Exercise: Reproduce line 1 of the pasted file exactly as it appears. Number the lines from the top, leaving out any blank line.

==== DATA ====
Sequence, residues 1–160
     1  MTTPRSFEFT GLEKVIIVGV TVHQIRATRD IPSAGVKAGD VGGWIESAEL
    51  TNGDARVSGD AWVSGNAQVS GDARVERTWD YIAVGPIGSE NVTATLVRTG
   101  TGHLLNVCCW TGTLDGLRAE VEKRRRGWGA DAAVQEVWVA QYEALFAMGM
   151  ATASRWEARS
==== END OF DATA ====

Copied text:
Sequence, residues 1–160